In the fourth century, therefore, the usage of tradition was narrowed to what is transmitted in the church, and the distinction between written scripture and unwritten tradition became a standard formulation, but tradition was still primarily applied to church practices. Tradition came to prominence in a polemical context, first in response to Gnostic claims, and then in internal church conflicts. Like other successful arguments, the argument from tradition became a part of the doctrines it was designed to defend. But on many controverted issues it was a two-edged sword, with both sides claiming tradition in their favor.[1]

 

The irony is that tradition, presumed to represent a body of doctrine unchanged and unaltered, has itself become the object of repeated additions and amendments. Jaroslav Pelikan puts it this way:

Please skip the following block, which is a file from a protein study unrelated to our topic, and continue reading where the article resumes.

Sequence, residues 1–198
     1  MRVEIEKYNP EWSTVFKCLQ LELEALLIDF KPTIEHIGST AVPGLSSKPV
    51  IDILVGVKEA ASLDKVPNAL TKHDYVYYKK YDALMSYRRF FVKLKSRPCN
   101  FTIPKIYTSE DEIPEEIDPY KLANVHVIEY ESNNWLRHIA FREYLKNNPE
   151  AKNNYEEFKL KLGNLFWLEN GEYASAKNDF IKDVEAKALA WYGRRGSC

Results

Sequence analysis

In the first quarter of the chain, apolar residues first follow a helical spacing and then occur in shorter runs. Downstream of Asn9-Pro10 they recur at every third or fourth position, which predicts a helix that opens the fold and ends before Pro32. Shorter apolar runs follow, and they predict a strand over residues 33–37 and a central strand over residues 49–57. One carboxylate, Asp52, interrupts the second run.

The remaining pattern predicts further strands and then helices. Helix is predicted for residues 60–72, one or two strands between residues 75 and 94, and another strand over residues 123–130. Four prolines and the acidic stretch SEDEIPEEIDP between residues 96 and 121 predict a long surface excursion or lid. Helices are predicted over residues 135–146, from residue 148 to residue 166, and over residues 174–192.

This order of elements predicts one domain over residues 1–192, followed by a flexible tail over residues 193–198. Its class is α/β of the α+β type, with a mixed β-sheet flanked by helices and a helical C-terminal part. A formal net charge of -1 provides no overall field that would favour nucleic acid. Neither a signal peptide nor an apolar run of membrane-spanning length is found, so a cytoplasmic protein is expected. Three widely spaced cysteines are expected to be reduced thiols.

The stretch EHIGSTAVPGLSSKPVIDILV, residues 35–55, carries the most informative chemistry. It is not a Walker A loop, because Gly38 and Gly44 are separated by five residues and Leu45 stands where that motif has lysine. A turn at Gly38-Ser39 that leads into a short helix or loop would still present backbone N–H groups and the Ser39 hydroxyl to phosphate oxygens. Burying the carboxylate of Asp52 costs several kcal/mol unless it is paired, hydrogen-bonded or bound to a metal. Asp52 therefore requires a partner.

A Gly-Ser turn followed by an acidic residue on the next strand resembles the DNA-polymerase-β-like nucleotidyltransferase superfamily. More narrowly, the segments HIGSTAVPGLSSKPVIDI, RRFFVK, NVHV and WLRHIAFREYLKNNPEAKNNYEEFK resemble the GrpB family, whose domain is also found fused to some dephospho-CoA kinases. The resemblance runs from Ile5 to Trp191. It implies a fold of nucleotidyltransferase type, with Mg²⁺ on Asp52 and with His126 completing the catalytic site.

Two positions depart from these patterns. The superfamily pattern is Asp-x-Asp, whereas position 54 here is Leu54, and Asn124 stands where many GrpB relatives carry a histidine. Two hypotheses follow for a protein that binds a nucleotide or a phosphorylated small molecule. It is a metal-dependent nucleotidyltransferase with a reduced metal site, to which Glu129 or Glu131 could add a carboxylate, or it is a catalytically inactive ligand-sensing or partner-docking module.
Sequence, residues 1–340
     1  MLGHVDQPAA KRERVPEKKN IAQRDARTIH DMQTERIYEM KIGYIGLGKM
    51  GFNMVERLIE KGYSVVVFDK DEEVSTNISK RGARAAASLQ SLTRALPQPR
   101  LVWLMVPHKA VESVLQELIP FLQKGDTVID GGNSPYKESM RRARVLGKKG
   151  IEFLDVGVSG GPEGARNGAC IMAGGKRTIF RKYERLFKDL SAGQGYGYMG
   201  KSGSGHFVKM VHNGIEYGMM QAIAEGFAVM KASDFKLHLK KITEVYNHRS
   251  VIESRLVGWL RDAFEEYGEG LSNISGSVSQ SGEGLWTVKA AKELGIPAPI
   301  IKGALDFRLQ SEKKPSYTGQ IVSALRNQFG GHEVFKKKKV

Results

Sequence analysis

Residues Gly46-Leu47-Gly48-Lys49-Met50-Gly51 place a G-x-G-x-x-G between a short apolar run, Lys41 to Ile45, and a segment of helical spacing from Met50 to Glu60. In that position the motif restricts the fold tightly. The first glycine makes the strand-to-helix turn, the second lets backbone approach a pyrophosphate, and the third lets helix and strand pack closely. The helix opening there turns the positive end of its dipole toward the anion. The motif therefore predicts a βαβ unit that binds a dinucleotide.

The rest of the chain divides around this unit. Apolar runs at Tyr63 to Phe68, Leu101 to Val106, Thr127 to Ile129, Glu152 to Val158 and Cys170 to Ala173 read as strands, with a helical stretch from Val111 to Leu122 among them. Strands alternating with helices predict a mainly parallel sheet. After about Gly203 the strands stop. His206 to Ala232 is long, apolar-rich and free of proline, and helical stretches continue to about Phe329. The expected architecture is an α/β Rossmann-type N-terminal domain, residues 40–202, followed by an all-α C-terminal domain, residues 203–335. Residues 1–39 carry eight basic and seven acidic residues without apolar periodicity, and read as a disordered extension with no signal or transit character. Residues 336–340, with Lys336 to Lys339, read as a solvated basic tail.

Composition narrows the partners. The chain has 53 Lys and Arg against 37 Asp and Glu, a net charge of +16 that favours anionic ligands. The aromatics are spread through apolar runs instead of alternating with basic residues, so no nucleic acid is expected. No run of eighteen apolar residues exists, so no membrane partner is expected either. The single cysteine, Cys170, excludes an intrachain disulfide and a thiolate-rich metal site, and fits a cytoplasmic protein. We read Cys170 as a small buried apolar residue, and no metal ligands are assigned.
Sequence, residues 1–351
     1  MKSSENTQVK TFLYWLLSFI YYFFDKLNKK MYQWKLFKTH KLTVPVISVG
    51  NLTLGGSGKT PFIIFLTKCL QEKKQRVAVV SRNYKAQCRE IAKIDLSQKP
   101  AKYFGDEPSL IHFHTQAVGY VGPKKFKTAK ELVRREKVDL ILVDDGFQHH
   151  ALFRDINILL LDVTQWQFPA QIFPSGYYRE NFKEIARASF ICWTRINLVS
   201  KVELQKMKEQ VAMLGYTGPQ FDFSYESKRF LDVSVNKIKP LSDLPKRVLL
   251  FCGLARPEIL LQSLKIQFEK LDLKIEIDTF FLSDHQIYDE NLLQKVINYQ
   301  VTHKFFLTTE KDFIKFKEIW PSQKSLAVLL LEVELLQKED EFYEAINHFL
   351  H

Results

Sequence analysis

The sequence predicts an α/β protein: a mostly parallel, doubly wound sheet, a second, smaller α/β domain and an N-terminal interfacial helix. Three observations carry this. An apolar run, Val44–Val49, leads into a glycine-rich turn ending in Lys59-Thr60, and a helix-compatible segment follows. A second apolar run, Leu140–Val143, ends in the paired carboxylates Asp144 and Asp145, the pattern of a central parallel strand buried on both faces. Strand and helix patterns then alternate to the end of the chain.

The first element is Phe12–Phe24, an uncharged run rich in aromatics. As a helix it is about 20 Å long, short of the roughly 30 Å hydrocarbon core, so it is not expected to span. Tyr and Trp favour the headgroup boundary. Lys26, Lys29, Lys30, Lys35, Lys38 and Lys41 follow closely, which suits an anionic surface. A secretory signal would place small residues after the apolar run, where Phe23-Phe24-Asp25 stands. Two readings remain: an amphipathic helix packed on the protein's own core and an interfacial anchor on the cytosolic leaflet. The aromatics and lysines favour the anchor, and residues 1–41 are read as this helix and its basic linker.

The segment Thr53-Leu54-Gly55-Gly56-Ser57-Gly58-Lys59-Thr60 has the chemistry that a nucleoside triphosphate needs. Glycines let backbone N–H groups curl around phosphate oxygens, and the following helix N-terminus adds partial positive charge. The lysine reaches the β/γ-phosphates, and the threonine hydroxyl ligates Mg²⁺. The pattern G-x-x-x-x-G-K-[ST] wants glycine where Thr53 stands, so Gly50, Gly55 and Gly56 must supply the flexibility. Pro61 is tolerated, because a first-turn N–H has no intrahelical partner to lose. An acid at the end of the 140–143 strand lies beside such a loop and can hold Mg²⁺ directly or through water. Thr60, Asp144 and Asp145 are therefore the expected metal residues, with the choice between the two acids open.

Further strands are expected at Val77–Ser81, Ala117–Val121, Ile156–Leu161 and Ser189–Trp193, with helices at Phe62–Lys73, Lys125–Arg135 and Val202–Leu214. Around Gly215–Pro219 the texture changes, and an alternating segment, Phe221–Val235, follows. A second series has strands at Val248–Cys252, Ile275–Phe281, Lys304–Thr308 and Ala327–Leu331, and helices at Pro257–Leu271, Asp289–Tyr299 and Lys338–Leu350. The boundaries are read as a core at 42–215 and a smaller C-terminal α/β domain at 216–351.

Such an exhortation as “let us reverently hold fast to the confession of the fathers” seemed to assume, by its use of “confession” in the singular and of “fathers” in the plural, that there was readily available a patristic consensus on the doctrines with which the fathers had dealt in previous controversy and on the doctrines over which debate had not yet arisen – but was about to arise. When it did arise, the existence of such a patristic consensus became problematic. When an orthodox church father such as Gregory of Nyssa appeared to be in agreement with a heretic such as Origen on the eventual salvation of all men, it was necessary to explain away this agreement. When it appeared that there was a contradiction between two passages in Gregory of Nazianzus, closer study would show “their true harmony.”[2]